Jay-Z (Shawn Carter) is one of the most—okay, perhaps the most—successful hip hop artists in the world, with over 30 million copies of his albums sold in the US alone and a trophy case’s worth of Grammy Awards, MTV Music Awards, BET Awards, and American Music Awards that show off his 13 years of recording thus far. Upon his latest release, The Blueprint 3, Jay-Z became the record holder for most #1 albums (at 11) by a solo artist, beating out none other than Elvis Presley—not bad for a musical genre that’s only been recognized by the Grammy Awards for 20 years.
In support of his album, Jay-Z hit the road with a design that was originally unveiled during his Answer the Call concert at Madison Square Garden, which aired live on Fuse and benefitted the New York Police & Fire Widows’ and Children’s Benefit Fund. The production features show design by UnitedVisualArtists (UVA)—a team that includes creative director Matt Clark, technical director Chris Bird, and animation designer Dave Ferner working on the stage concept and video content—lighting design by Patrick Dierson of Artfag, LLC, and additional content and screens direction by Drew Findley.
The team at UVA was actually recommended by Jay-Z’s art curator and from the beginning wanted to move away from the look of more conventional concert video and lighting. “Our aim from the start was to create a stage design more like a light sculpture—an abstract, digital city,” says Clark. “The screen was never really designed for pure video playback; it was deliberately a step away from that. It was designed, though, to also support I-Mag, so it is a very versatile video surface and light sculpture in one.”
That screen consists of 265 PixLED F-15 modules built into 15 custom double-sided frames, all of which came from XL Video. “That particular LED was chosen due to its light weight and high brightness, and the size was really as big as we can make it without it hitting the ceiling,” says Bird. The module edges meet to form right angles that face the audience, creating the appearance of square columns that mimic, among other things, the New York City skyline.
Findley, who has worked with the artist for six years, calls this “the most versatile video playback and control system out there.” He designed the control system and controls all the visuals for the show, working alongside video director Dirk Sanders. “The overall design goal was to try to find different ways to help accentuate the vertical towers of the screens,” Findley says. “Although the towers were designed with an urban cityscape in mind, we needed to find different ways to transform them for different songs. For instance, in ‘99 Problems,’ the towers become speaker stacks thumping to the beat, and in ‘Big Pimpin,’ they become a full stage equalizer. As Jay put it, he wanted to ‘see the music.’”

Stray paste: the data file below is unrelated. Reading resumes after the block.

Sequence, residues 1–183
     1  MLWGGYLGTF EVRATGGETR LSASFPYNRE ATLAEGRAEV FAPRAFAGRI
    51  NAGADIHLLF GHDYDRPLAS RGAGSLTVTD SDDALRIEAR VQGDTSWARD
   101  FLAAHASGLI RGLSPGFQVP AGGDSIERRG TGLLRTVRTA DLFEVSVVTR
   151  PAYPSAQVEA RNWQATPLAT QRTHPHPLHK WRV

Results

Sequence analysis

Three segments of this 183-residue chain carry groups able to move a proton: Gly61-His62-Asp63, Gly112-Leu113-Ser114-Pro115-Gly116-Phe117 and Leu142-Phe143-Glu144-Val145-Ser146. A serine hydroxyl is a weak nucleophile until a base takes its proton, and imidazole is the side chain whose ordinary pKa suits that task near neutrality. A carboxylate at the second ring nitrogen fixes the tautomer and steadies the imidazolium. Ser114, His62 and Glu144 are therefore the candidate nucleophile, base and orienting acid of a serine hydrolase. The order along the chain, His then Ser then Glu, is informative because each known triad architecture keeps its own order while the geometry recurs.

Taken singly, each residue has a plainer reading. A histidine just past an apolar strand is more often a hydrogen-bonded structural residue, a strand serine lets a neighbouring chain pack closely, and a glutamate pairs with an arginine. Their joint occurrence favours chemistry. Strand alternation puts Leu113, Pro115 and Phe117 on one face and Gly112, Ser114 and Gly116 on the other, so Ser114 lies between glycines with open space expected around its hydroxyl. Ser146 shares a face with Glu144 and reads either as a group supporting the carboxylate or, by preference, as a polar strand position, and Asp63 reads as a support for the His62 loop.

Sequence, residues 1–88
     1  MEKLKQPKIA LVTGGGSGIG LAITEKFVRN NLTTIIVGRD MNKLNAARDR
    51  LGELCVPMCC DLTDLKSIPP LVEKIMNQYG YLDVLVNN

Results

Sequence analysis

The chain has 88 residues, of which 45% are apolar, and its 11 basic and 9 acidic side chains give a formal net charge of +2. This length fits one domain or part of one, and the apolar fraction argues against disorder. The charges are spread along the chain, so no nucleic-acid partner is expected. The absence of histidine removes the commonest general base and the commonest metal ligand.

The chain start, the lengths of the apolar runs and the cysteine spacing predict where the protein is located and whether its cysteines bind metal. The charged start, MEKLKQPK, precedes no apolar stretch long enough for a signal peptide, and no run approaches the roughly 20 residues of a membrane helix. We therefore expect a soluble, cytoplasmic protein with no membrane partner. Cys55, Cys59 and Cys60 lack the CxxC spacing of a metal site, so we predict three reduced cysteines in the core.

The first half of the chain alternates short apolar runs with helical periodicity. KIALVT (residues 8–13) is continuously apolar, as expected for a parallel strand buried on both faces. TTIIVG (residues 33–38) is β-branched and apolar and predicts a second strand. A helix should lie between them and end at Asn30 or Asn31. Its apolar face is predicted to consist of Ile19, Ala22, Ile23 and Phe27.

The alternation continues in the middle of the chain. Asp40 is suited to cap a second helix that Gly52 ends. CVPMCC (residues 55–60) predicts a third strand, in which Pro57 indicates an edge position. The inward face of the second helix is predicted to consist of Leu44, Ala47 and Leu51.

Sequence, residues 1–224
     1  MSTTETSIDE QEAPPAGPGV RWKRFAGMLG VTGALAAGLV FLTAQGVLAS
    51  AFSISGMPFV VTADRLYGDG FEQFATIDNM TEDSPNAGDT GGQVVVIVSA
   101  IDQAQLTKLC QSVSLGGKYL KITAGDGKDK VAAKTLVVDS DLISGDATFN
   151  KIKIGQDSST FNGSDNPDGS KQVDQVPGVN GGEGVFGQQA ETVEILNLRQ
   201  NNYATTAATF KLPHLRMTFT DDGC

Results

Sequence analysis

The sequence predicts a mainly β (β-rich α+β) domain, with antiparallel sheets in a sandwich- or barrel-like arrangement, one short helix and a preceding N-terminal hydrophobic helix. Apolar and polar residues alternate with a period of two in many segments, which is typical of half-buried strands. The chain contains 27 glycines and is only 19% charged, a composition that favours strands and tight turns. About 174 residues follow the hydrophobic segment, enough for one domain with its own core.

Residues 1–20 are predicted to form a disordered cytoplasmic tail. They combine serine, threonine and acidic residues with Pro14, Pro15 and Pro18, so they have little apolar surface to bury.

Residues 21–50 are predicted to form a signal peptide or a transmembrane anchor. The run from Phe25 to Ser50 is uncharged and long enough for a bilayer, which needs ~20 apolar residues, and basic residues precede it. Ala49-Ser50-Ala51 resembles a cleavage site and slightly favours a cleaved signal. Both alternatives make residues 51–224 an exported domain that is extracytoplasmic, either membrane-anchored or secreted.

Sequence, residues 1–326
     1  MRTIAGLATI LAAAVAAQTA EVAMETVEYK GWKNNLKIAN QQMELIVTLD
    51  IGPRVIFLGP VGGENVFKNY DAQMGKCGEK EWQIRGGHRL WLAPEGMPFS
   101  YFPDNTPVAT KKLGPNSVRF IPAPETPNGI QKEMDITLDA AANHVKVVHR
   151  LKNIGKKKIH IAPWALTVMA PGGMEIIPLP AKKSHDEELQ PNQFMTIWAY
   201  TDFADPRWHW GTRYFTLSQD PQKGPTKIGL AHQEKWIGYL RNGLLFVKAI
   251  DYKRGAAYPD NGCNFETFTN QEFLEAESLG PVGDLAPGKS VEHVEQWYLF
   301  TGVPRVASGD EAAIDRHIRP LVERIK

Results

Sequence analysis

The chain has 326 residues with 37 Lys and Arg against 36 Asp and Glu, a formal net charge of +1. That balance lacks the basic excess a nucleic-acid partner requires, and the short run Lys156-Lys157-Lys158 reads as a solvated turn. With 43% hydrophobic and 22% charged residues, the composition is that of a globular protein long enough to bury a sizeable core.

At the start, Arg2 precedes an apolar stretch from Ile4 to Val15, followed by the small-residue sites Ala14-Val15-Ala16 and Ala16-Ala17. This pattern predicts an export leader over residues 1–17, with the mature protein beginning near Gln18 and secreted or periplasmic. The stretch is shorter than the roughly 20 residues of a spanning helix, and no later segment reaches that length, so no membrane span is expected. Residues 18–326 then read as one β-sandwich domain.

The content itself was created by UVA, Findley, and William Hines of Skitch TV. UVA used Autodesk Maya for initial renderings of the stage, says animation designer Ferner, “as a way of quickly showing what it might look like and then built the entire set in our custom, in-house software, d3. This allowed us to edit content in realtime while seeing how it would map onto the unusual screens, and it was invaluable in communicating with the client. It’s hard to explain how an image will look when it’s wrapped across a city of LED without it.”
When it comes to show time, Findley mixes the content live, handling video cues and cameras. The production uses an MA Lighting grandMA driving four PRG Mbox Extreme media servers, all outputting 1080p HD-SDI and running into a custom Control Freak Encore system. “This gives me 18 layers of Encore, nine cameras, the director’s cut from Dirk, and all the Mboxes,” says Findley. “This whole system is controlled from FOH. All the LED towers are contained in one HD-SDI pixel-map that allows a lot of flexibility in how we construct images for the screen.”
Findley notes that each song in the set is approached differently. “Some songs have content that is SMPTE-tracked, others add cameras to the content, some are completely driven by cue points, and others have a mix of SMPTE layers and live content playback. Our system is extremely flexible, and we work it to the max.” Video also has an additional networked grandMA for backup, and the system runs Art-Net and MA-Net over a PRG Series 400 Fiber Ethernet snake to backstage, where all the Mboxes, MA Lighting Network Signal Processors, and Control Freak racks are located. The whole system can be managed remotely from FOH using Apple Remote Desktop.
Making use of a new feature on the Mbox that allows content to be targeted on a layer to only certain sections on the screen, Findley says that, “having both the Mbox and Control Freak setups are clutch. I have the ability to source multiple layers of cameras, content, and affected cameras with low latency and exact precision. When I asked Matt Corke and Mark Hunt at PRG how many of these screen sections I could create, they told me I could have up to 255 but that I would never use that many. They were right, but I do use almost 100. It really allows me very quickly to target exact areas of the screen to playback and manipulate content. To chase it is as simple as rolling a dial.”
As for challenges for the video department, Clark says the artist has so many songs, and the show is so spontaneous, but they created enough content to keep it fresh. “Jay-Z has far more tracks in his set list than most artists, often playing different songs from night to night, and switching the set list according to the mood of the crowd,” he says. “Add to this the many guest stars in the first show, and it was a very challenging show to create but an exciting one to watch.”